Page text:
MelusineBathMelusine on a Saturday Night” is among my newest stories to be published. It’s online in The Griffin and I offer the full story here on my website. My story is a modern re-telling of the legend of Melusine, a water fairy of rivers, wells and springs.

This is the original legend: To protect their mother from their father’s wrath, Melusine and her sisters locked their father inside a mountain. As punishment, Melusine was compelled to undergo a transformation every Saturday in the bath, temporarily reverting to a water serpent from the waist down–or a kind of mermaid. Part of the spell was that she could not be seen while bathing. Her water-fairy identity must remain a secret. She had to find a husband who would promise never spy on her in the bath. But a husband might fall prey to his curiosity.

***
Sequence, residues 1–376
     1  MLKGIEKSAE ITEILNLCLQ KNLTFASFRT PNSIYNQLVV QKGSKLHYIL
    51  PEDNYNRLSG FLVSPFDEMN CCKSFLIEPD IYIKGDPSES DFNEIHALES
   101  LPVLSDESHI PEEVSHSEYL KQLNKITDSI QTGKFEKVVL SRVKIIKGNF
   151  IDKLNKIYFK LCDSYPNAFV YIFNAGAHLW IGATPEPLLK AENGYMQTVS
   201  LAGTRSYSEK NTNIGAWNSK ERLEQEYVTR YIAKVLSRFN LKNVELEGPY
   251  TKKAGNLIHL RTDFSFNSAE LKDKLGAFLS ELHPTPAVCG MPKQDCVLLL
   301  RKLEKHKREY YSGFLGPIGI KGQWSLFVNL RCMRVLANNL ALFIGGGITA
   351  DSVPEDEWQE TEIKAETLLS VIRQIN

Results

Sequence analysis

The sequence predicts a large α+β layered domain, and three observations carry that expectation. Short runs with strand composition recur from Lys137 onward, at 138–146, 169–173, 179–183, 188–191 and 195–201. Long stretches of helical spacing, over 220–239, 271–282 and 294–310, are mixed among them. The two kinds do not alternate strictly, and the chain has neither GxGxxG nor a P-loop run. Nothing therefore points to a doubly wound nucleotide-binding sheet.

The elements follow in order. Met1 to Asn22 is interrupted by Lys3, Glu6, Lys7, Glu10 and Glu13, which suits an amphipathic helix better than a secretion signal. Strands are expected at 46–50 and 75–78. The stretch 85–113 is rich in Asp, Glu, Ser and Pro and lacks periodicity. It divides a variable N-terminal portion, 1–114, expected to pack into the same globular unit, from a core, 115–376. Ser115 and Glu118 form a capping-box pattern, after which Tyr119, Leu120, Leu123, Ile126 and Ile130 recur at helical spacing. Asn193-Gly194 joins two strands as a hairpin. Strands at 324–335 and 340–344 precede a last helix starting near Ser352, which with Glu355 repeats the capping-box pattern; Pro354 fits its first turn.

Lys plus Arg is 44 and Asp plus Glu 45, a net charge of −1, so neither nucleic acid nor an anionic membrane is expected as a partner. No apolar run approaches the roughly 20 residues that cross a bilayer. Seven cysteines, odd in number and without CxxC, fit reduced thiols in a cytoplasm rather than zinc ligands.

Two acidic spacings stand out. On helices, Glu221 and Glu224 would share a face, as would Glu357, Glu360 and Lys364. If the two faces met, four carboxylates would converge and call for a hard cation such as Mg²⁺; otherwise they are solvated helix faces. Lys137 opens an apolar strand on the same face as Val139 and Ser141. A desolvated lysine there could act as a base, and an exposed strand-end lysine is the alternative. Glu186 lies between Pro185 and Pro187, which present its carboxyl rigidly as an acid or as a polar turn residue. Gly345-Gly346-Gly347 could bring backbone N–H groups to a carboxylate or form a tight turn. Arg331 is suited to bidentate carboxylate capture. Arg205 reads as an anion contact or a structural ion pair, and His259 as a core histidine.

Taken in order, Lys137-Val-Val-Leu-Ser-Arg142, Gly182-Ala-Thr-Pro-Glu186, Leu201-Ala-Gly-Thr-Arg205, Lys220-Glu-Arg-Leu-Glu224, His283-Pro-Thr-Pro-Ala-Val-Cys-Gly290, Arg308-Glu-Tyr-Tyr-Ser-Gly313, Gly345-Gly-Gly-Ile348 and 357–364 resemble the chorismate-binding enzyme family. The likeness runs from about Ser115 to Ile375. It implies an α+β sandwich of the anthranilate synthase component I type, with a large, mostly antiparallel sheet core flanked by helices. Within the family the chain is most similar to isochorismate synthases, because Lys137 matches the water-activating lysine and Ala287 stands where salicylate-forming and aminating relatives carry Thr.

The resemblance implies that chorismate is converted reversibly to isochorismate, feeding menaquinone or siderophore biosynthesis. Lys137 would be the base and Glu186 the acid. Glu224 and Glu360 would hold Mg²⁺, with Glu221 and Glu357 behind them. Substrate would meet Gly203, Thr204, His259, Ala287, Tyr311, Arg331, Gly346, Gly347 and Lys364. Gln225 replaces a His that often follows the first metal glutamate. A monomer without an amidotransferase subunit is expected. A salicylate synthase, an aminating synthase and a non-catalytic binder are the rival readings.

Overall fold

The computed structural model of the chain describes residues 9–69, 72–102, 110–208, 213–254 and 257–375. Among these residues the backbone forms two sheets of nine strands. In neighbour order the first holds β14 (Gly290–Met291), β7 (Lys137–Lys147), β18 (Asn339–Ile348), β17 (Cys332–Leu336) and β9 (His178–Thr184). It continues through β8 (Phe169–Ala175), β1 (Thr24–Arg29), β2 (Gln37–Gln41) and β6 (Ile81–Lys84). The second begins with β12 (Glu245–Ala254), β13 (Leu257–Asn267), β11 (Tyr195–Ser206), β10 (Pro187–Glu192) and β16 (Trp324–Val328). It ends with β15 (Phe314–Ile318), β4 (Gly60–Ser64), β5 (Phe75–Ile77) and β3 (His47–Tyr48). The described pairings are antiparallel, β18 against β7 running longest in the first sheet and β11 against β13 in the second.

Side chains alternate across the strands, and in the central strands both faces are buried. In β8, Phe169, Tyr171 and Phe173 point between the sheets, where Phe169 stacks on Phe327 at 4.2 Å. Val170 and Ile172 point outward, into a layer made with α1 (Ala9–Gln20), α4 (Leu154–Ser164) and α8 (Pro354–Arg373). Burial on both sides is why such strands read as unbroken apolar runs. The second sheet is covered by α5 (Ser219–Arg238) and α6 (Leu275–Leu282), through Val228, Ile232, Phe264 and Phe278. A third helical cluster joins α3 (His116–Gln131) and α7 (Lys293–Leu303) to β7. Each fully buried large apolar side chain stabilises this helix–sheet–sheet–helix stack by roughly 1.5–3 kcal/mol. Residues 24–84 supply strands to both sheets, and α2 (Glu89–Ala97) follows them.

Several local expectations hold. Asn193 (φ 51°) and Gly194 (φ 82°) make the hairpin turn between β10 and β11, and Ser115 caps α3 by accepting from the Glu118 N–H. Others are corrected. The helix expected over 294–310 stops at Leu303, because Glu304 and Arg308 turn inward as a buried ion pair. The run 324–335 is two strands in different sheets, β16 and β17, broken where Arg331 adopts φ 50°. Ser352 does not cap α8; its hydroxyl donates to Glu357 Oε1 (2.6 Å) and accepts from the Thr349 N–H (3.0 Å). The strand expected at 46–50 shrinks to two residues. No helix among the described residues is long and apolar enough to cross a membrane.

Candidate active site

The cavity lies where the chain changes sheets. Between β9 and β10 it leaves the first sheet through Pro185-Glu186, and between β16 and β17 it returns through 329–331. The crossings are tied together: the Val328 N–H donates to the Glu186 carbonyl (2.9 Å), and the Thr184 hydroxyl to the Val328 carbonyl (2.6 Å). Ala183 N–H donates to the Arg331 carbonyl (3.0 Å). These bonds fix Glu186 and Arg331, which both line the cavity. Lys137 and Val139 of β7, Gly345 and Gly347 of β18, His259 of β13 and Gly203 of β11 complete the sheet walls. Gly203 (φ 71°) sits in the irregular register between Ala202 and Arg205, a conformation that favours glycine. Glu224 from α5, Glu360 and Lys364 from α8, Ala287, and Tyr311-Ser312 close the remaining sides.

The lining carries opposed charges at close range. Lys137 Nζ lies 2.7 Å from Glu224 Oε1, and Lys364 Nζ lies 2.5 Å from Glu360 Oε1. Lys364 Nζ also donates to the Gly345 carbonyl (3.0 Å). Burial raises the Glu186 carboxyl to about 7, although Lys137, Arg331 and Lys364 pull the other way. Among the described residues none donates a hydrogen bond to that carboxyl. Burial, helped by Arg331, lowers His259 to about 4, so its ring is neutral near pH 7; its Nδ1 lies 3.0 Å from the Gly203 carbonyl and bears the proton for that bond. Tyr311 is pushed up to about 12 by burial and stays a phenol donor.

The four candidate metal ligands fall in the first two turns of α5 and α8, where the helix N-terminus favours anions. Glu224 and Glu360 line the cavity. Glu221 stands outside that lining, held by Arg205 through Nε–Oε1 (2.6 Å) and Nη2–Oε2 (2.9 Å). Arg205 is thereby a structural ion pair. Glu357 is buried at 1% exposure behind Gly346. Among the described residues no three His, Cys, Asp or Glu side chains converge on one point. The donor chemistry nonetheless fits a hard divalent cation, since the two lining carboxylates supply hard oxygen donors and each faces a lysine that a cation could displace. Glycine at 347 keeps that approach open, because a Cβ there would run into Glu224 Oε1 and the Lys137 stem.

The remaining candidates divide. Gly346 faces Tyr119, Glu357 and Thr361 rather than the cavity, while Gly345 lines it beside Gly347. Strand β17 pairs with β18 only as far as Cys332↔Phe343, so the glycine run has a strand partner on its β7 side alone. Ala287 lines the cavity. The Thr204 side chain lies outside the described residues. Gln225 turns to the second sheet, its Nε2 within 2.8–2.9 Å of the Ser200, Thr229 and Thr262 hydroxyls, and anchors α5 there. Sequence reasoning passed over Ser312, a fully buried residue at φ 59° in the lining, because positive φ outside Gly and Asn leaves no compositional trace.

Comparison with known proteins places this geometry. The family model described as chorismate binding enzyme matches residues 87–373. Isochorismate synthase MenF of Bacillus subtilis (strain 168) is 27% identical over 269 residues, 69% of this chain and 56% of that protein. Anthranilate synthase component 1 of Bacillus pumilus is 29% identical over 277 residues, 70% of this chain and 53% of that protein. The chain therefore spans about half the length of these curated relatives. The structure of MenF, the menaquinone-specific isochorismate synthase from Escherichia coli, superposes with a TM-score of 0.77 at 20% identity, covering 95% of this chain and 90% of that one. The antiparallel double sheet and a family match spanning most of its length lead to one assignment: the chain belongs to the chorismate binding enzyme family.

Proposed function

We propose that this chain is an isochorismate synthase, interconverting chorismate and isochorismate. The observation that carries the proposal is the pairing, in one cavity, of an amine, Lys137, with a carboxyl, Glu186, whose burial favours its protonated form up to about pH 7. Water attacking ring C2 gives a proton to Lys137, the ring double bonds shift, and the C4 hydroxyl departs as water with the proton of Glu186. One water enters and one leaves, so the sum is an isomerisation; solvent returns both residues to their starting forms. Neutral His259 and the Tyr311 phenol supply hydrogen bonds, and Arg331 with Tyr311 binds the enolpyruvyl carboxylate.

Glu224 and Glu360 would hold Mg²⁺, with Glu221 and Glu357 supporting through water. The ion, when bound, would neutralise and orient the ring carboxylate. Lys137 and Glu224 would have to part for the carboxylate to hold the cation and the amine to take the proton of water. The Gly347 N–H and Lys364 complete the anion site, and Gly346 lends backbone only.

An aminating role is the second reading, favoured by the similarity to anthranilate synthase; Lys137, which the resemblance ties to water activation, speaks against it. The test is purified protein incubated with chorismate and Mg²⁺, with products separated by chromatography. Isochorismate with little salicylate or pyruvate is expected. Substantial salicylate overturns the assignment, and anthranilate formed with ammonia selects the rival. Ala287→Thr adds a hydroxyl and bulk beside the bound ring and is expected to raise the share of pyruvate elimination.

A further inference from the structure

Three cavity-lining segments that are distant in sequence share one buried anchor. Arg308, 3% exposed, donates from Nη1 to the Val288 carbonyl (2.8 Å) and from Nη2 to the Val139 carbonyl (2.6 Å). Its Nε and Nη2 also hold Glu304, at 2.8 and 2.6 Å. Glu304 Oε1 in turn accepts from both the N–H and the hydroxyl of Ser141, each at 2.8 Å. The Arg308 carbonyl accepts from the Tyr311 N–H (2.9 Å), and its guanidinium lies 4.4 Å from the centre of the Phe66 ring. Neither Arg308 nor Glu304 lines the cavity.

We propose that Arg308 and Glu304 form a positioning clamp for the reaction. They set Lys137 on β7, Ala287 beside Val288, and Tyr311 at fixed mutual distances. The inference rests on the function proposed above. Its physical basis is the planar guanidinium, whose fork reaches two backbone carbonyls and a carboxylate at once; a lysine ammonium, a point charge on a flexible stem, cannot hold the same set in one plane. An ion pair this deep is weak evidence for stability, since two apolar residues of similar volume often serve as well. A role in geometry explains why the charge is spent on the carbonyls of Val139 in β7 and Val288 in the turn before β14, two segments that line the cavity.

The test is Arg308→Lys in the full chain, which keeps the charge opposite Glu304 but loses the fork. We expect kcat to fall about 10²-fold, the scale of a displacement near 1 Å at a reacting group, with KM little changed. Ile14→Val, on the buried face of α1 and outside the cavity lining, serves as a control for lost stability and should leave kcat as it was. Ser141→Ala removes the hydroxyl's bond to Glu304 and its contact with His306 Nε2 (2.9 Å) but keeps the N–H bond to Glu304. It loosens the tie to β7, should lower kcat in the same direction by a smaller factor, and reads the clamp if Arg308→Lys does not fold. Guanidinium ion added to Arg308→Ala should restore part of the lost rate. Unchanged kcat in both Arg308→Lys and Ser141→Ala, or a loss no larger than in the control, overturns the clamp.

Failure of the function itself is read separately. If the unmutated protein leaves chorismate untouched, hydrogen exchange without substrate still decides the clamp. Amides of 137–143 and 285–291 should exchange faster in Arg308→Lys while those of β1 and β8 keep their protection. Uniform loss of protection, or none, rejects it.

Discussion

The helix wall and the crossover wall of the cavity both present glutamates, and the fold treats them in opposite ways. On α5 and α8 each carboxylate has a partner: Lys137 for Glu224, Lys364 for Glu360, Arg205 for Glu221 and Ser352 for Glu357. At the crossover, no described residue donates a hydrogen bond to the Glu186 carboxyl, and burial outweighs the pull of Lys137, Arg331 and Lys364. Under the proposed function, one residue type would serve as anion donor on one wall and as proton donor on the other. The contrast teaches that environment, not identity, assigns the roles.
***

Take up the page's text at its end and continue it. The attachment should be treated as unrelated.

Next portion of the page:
A medieval illumination shows the scene:


Melusine on a Saturday Night

I’m lost in a strange city. In a city of night I walk the pavements, bypassing the waterfront strip joints, the T-shirt boutiques, the stalls of smoking grilled meats, falafels, curries. I want a deep-dunking bath where I can be alone. A place to hide, muse, endure the night’s awful makeover. My deadline is near and I must find a haven quickly.

A place like the Hilton would be good. I hear the lounge is rose porcelain and the mirrors are framed in rococo gold. And I could stock up on pink tissues for my purse. But I’m nowhere near the Hilton or the Plaza or the Chelsea Savoy or even the city museum where the windows are supposed to be antique stained glass. I doubt if I’ll find that kind of sanctuary in the neighborhood I’ve wandered into. How did I drift so far from anything? I don’t know where I am.